HealthSource RI has been up and running for a couple of weeks now. And it’s where uninsured Rhode Islanders and small businesses can find a health plan – which they’ll need to do by January 1st. The head of HealthSource RI –Christy Ferguson—briefed state lawmakers yesterday on how that’s going. And Rhode Island Public Radio health care reporter Kristin Gourlay was there. She joined afternoon host Dave Fallon in the studio to talk about what Ferguson had to say to lawmakers.
KRISTIN: In a nutshell: she says it’s going well, better than expected even. That’s in contrast to the federal health insurance exchange operating in states that decided not to build their own. And Ferguson seemed pretty proud of that. Now she says the task is to continue to reach out to get even more people on the exchange. More than 50,000 have visited healthsourceRI.com so far. Almost 10,000 have called their call center. And nearly 6,000 have at least created accounts on the site. But only about 1700 have actually completed an application.
DAVE: And for those of us who haven’t gone on the exchange, what will we find there? What’s the application process?
KRISTIN: Remember, the exchange is for people who either don’t have health insurance or whose insurance through an employer is not affordable – meaning it costs more than nine percent of your income. The exchange is also for small businesses, who have their own section on the exchange. So here’s what you’ll find: you go online and create an account. The system verifies your identity. You plug in your name and age and the system comes up with a list of options for you. There are 28 plans to choose from – 12 of those are for individuals, and 16 are for small businesses. There are also some dental plans. And you can compare everything side by side. Then you sign up for one and pay for it.
DAVE: Speaking of paying - some people will qualify for a federal tax credit - or subsidy - to help defray the costs of a plan. Some won’t. But isn’t the affordable care act supposed to bring prices down in general? If enough people get in on the exchange, could that bring down prices?
KRISTIN: It could help, but it’s not going to happen right away. The head of HealthSource R-I, Christy Ferguson, explained to lawmakers that, first of all, this is just the first draft. This is the exchange’s first year. But going forward, she says they’ll re-negotiate prices and plans with insurers – and that seems to me to be one benefit for consumers of buying on the exchange. You’ve got this collective bargaining power. But Ferguson also explained that what’s really going to bring down prices is not just more customers but changing the way you get your health care. Maybe your plan offers you a bit less choice in terms of which doctors you can see in exchange for lower prices. Or maybe they give you the option of seeing a doctor who’s paid one flat fee to keep you healthy, instead of a bunch of fees for each little service and procedure. And she says when you go on the exchange to shop for a health plan, you should start to think about these kinds of things. Look at more than just the monthly premium or deductible. Look at how the plan delivers your care. Here’s Ferguson walking state senators through it.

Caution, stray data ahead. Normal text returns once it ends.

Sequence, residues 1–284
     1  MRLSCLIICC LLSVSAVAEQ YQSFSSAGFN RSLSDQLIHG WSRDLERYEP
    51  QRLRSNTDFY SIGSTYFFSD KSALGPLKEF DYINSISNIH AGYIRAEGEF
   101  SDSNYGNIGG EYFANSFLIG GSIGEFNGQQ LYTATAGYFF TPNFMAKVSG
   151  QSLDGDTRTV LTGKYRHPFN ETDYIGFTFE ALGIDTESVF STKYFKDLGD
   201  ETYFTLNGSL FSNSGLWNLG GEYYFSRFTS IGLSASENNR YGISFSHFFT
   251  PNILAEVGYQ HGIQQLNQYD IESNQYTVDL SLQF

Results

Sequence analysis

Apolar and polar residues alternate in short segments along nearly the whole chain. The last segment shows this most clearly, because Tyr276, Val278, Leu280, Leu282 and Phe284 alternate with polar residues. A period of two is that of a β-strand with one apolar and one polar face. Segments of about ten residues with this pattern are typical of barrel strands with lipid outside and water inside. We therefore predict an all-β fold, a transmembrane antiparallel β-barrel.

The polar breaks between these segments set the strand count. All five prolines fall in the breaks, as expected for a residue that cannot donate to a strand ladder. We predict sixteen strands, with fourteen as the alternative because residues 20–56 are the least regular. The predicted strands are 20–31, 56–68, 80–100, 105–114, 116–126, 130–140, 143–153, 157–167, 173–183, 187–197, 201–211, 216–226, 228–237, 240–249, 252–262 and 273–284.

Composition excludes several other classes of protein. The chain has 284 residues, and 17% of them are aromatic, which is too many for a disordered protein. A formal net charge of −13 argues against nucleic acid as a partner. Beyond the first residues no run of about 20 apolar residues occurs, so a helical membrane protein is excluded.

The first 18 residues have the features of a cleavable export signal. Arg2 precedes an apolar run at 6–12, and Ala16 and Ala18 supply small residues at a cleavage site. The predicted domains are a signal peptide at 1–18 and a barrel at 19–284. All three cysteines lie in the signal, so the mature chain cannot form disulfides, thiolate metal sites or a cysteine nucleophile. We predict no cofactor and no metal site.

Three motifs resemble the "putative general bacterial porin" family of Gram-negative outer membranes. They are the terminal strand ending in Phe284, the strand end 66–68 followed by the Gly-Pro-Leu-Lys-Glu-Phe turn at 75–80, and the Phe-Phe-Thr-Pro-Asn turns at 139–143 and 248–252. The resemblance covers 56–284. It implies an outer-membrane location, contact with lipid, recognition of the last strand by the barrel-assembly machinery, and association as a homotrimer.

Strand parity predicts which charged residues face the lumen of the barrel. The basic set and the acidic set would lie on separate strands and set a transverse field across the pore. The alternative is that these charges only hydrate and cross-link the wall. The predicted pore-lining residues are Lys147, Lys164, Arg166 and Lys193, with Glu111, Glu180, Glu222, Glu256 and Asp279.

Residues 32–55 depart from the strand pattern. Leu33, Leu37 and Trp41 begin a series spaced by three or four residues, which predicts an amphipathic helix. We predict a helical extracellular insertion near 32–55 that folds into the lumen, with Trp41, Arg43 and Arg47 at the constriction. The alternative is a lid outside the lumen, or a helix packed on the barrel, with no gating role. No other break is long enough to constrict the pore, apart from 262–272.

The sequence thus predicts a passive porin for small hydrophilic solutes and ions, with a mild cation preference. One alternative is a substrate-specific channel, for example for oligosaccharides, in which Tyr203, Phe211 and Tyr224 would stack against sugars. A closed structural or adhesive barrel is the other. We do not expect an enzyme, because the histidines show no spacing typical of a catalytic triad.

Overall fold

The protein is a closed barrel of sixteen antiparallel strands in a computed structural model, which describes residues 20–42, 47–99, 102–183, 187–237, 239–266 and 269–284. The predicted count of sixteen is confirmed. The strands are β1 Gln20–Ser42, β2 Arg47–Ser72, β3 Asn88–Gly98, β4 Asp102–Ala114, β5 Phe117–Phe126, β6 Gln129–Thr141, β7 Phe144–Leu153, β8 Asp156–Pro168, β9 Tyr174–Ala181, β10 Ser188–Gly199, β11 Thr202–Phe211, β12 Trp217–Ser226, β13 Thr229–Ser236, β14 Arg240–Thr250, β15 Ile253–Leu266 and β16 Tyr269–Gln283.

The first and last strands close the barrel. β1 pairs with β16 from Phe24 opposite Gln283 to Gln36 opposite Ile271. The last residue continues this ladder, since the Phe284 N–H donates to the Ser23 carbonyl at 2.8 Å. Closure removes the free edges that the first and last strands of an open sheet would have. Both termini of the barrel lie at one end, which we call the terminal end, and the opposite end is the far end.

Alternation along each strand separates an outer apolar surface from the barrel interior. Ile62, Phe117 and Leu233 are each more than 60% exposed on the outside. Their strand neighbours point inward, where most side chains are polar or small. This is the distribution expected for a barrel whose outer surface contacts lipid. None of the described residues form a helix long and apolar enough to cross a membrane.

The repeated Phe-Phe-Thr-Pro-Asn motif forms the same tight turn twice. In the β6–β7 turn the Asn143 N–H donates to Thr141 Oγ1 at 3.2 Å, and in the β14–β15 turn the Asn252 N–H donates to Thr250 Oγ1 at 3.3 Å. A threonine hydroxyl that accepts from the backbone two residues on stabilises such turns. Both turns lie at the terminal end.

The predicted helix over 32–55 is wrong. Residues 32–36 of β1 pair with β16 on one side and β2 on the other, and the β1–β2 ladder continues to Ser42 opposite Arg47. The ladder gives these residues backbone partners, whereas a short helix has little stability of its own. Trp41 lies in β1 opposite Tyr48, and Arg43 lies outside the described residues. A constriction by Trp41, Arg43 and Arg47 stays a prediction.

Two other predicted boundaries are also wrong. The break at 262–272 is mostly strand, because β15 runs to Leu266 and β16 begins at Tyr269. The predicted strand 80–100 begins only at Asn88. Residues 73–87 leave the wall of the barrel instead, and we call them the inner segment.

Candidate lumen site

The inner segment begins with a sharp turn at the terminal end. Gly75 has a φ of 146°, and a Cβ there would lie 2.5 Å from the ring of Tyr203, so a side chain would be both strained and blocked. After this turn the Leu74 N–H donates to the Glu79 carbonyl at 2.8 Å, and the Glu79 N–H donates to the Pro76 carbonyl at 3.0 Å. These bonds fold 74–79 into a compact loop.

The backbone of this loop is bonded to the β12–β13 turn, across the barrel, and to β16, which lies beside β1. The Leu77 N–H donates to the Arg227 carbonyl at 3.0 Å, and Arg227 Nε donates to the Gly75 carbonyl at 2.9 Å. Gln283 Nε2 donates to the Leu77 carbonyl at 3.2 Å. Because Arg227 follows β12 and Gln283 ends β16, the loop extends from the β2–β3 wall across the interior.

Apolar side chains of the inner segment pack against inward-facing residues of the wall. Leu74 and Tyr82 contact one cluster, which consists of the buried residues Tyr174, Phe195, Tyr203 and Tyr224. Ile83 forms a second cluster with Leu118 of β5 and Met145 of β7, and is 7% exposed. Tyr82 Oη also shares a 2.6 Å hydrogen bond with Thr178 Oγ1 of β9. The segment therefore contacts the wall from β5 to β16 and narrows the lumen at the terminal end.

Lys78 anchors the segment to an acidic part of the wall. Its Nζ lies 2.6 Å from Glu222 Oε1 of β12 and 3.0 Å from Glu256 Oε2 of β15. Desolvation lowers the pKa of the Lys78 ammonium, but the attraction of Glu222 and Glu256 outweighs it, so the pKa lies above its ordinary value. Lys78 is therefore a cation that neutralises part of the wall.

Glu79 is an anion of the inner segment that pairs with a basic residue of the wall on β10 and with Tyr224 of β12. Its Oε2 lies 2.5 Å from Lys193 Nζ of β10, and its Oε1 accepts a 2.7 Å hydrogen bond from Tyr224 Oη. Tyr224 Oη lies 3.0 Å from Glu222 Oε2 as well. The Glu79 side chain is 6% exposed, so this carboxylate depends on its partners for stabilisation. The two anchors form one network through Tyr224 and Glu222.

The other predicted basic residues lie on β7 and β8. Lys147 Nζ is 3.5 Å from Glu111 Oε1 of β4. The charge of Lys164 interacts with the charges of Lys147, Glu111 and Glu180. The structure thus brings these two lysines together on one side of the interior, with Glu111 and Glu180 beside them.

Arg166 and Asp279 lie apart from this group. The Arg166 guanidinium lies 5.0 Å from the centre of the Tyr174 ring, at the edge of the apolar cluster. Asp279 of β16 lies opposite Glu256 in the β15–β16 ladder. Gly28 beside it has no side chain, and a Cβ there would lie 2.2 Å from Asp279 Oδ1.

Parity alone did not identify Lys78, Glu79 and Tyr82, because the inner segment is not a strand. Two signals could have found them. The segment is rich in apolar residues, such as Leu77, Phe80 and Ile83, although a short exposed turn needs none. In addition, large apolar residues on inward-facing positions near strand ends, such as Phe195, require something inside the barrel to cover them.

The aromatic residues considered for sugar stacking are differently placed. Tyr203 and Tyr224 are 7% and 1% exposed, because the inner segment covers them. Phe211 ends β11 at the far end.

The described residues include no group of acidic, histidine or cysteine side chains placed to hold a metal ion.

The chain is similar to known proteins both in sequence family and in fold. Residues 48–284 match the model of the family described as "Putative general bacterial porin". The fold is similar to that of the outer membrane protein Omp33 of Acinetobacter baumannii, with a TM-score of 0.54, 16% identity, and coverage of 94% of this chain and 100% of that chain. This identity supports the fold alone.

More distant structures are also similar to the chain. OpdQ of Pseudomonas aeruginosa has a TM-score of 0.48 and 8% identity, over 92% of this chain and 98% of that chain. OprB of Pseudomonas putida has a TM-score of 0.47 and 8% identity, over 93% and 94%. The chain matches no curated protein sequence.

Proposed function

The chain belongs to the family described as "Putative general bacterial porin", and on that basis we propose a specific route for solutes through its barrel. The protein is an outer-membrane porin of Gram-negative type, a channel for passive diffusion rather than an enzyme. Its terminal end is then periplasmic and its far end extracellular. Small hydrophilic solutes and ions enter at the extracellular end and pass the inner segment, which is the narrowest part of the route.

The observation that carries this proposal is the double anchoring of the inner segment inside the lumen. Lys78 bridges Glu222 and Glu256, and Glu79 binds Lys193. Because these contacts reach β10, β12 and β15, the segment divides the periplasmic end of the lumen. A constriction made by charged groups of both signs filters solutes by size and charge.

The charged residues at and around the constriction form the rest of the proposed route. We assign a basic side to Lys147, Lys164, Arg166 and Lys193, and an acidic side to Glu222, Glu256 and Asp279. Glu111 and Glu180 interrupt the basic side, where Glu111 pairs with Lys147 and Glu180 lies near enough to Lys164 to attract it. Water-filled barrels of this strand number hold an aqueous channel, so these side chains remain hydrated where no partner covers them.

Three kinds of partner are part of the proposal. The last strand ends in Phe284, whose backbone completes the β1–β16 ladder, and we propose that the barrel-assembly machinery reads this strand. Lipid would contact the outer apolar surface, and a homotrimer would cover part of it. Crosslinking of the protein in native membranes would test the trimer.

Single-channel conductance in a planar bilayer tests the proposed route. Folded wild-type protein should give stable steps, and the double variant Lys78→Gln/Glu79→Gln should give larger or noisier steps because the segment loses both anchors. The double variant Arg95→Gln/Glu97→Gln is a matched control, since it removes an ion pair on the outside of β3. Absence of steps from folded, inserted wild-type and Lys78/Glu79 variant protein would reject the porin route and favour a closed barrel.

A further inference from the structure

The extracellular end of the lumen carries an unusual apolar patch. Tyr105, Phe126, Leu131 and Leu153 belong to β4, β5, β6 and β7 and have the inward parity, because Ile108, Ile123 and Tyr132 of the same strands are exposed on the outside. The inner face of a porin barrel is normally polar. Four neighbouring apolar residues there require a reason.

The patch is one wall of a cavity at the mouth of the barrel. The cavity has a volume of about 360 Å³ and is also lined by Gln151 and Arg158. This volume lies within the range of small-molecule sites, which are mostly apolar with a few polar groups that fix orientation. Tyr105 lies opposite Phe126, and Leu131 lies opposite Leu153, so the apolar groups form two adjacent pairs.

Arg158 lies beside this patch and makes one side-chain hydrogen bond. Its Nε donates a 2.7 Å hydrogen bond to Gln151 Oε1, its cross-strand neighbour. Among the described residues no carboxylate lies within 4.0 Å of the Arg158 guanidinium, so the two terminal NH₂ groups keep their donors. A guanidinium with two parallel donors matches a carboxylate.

“What’s the provider network? Is it an HMO? Does it highlight primary care? There are a variety of different things. And over time, over the next year, I see this, how you get your care, as being built out, because that’s where we want people to focus. That’s where we really have the best ability to manage price.”
DAVE: And isn’t Rhode Island one of the only states offering what’s called “full employee choice” on its exchange?
KRISTIN: Exactly, Dave. And here’s what that means: employers with 50 employees or fewer can buy a single plan for all of their employees. Or they can say ‘OK, here’s how much I’ll contribute to your monthly premium, apply it toward whatever plan you want, oh employee of mine, on the exchange.’ That’s really different from how most employers do things today.
DAVE: So what’s ahead for the exchange? It’s got to find the funding to keep operating. And it seems to me that it still has some work to do to get the word out.
KRISTIN: I think you’re right. On the funding side, Christy Ferguson says they’re still working that out with the governor and next year’s budget. They’ve got federal start-up funding, but beyond that it isn’t clear what they’re going to do. As for getting the word out, there is an ad campaign. And there are lots of community organizations engaged in educating people about the exchange. Ferguson told lawmakers she’d be happy to help them organize Q and As with their constituents.
DAVE: Alright, thank you Kristin.
KRISTIN: You’re welcome, Dave.